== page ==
The comment posted to YourArlington was from "Kay." No last name.
The subject line was "Yuck." The comment, not yet published but sent to me for approval, was: "Worst haddock I've ever tasted."
It was not published at the story to which it was linked. Why? No full name provided.
Further, when I wrote to "Kay" to ask for a full name, the Yahoo.com address came back undeliverable. Thus, a phony address.
No full name + no real email = no publication.
I'm publishing the comment here to make a point: If you have an opinion, and it reflects a real experience, have the courage to back it up with your real name.
A personal opinion about one plate of haddock does not warrant anonymity. Allowing a fake name in this case opens the door to fake claims.
Aliases infect Internet discussions everywhere, including those on comment sites involving Arlington -- WickedLocal, The Advocate's site, at Arlington Patch.
A recent thread on Patch involves claims about METCO taking finding from those "in Arlington." All supporting such claims use aliases, including "Silas Tripp," who has said he would like to see a public referendum aimed at having Arlington pull out of METCO. See the string of comments here >>
My bet is these xenophobic plans (look it up) will not go beyond anonymous blither on a website.
Let's say I'm wrong. Let's say they want a public vote on the issue.
If such a goal is to reach first base, our anonymous friends will have to discuss their plans with town counsel. When they do, they will have to emerge from the darkness and identify themselves with their real names, not some alias similar to a character in the 1989 film "Glory."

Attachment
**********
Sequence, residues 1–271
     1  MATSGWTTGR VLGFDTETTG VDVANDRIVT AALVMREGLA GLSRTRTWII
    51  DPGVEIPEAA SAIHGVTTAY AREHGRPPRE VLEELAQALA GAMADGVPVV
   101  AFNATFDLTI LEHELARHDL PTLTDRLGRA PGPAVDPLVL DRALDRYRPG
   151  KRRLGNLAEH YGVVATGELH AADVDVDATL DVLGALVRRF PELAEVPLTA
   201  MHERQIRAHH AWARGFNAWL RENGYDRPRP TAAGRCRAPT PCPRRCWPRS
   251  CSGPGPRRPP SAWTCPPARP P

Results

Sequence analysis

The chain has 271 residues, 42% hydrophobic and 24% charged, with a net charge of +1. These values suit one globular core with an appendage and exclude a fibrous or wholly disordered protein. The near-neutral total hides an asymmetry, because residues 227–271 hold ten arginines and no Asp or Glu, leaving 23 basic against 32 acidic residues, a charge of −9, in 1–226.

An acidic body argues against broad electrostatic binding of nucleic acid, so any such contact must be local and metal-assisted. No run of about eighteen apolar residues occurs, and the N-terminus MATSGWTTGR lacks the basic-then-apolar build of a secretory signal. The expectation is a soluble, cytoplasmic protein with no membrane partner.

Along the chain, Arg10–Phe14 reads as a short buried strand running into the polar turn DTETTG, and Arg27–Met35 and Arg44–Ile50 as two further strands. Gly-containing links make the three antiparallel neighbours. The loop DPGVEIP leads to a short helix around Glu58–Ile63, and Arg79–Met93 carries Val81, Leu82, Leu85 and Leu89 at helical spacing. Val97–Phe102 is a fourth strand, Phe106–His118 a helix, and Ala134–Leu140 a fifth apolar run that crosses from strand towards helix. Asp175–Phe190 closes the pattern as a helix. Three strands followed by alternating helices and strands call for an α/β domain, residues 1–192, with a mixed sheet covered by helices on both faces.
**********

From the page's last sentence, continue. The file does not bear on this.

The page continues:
If those who believe METCO robs funding from "our children," let them have the courage to identify themselves with their real names in the first place.
In the interest of improved public communication, I believe all local media, including Boston.com and BostonHerald.com, should adopt policies requiring the use of real, full names on most comments.
Are there exceptions to a call for such courage and transparency? There are.
Whistleblowers -- those whose comments would jeopardize their jobs -- may use an alias. But these cases are few and may be handled behind the scenes -- via an email sent directly to the publisher reporting some alleged abuse. The publisher then can investigate to establish facts behind the claim.
To be clear: This column addresses only comments posted in response to news stories. The issue of anonymous sources in news stories themselves is a separate matter. For the most part, though, I believe the sources of information reported in news stories should be clearly named and anonymous sources should be used only rarely.
As to opinions, posted as this one is to the site's blog, Your View, I welcome a broad spectrum. If you believe YourArlington ignores a particular perspective, step up and let the public know. When you do, provide facts regarding your view -- and sign with your real name.
Mere anonymous complaining does not advance public discussion.
NOTE: For instructions about posting to Your View, see www.yourarlington.com/faqs/use-your-views